FinTech lenders pride themselves on being better than big banks in a number of ways. These companies are not only looking to improve efficiency and transparency in the banking industry but are also working to make credit more obtainable for individuals and businesses. That’s why it may surprise some to learn that the vast majority of these firms still base their lending decisions on FICO credit scores.
Nate Matherson recently wrote about FinTech trends to watch for Business.com. In his article he predicted that more companies would soon be moving away from using (or at least putting as much emphasis on) FICO scores. However currently more than 90% of lenders use traditional credit scores as part of their process for approving borrowers. So could that change?
Admittedly it does seem slightly odd that companies that pride themselves on algorithms and data sets would be so beholden to any one factor. For example alternative small business lender OnDeck boasts that it uses over 2,000 points of data to approve their borrowers but applicants must still have a minimum score of 500 to be considered. However it is important to remember that a lot of data goes into a FICO score as well.
The largest factor in a FICO credit score is also what lenders are often most concerned with — payment history. Other factors include the amount of revolving credit available, length of credit history, the type of credit used (A.K.A. “credit mix”), and new credit. Additionally each of these factors are weighted according to FICO guidelines… which is exactly why FinTech lenders could likely develop a better system. In fact marketplace lending leader Lending Club already factors in some interesting data points, including how fast a form is filled out, what time of day/night an application is submitted, and what email address is used on the app.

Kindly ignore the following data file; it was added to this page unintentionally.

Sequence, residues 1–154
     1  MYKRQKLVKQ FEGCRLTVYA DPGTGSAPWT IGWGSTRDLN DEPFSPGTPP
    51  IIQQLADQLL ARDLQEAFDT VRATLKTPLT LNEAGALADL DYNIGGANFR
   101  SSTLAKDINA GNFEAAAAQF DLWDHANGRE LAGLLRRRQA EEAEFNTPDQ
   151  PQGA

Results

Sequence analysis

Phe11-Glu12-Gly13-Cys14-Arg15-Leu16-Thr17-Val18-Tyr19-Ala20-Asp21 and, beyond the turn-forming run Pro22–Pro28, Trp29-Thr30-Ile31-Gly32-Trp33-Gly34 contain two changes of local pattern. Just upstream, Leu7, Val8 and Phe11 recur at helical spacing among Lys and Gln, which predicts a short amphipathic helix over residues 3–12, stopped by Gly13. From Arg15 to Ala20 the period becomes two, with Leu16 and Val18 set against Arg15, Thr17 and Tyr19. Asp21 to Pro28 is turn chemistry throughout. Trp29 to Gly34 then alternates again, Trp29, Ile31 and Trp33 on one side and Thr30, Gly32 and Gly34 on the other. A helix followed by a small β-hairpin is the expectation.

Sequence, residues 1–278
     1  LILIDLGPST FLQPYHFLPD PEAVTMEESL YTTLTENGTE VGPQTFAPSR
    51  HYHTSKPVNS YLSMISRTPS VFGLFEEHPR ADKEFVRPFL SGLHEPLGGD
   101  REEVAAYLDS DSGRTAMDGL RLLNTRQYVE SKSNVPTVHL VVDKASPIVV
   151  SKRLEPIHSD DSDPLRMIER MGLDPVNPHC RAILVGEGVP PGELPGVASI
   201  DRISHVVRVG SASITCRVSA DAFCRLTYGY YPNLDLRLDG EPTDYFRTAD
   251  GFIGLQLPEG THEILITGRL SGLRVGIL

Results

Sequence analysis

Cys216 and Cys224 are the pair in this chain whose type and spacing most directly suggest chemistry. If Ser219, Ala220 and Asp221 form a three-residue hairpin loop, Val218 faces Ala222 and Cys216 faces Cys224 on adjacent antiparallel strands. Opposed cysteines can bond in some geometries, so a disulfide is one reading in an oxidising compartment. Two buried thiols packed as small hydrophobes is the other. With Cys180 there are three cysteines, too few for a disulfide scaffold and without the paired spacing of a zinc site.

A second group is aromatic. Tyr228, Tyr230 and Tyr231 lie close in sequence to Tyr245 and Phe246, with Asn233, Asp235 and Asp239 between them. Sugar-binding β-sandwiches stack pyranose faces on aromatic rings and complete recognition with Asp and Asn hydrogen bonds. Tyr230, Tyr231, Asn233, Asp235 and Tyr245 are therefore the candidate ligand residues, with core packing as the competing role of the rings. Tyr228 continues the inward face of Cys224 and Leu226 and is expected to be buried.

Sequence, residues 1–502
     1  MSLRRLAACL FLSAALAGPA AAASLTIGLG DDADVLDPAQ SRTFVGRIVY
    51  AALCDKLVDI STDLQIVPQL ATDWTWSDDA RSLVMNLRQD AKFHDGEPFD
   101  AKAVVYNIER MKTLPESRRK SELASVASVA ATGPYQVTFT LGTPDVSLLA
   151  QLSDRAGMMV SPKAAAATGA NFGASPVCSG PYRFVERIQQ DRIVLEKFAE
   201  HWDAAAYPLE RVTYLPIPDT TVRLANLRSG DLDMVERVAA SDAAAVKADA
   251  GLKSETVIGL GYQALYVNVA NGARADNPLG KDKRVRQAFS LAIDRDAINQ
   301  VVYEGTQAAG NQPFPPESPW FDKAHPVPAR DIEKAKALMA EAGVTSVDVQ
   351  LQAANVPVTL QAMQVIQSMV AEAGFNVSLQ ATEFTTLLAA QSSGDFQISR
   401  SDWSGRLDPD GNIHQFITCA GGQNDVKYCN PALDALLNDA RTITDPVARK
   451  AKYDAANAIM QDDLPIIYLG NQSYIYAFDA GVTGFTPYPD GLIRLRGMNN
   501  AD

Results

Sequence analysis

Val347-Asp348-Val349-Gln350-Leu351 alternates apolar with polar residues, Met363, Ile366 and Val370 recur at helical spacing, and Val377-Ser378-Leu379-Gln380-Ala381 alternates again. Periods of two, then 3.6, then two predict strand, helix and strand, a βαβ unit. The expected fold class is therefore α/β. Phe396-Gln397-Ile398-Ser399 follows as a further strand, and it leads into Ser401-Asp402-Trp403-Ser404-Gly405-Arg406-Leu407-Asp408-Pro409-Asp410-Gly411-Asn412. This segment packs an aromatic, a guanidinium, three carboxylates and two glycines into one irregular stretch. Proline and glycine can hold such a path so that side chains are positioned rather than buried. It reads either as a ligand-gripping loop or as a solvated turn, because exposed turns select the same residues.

Although FICO scores may be the easiest tool for lenders to partially base decisions on, there could be a growing need for FinTech lenders to disrupt the credit reporting world as they have the banking industry. As Matherson points out many Millennials are bucking traditional credit building techniques that could hurt their FICO score but doesn’t make them less creditworthy. In fact many of young professionals may have stable employment and no debt but still not be eligible for most loans.
Instead of using straight FICO scores for gatekeeping perhaps FinTech lenders could start incorporating larger credit report data into their algorithms. This would allow them to give more value to common sense factors like having steady income or paying on time while de-emphasizing some of counter intuitive rules and quirks of the FICO scoring system. San Fransico-based lender Earnest has taken this approach (using a reported 80,000 to 100,000 data points) and seen great results so far.
Ultimately it would make sense for more FinTech lenders to start moving away from FICO scores and begin embracing other methods of determining creditworthiness. In fact doing so could very well be the next step in enhancing credit availability. So perhaps it’s only a matter of time before we see FinTech going FICO free.